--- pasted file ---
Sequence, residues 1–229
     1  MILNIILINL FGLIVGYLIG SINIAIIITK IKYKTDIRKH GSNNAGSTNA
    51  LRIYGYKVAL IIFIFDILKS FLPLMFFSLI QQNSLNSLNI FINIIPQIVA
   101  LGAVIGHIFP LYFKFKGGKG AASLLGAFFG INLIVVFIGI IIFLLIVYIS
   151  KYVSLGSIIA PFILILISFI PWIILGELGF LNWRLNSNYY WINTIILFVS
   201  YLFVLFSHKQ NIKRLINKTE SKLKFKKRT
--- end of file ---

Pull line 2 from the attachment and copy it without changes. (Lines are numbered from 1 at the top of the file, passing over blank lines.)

     1  MILNIILINL FGLIVGYLIG SINIAIIITK IKYKTDIRKH GSNNAGSTNA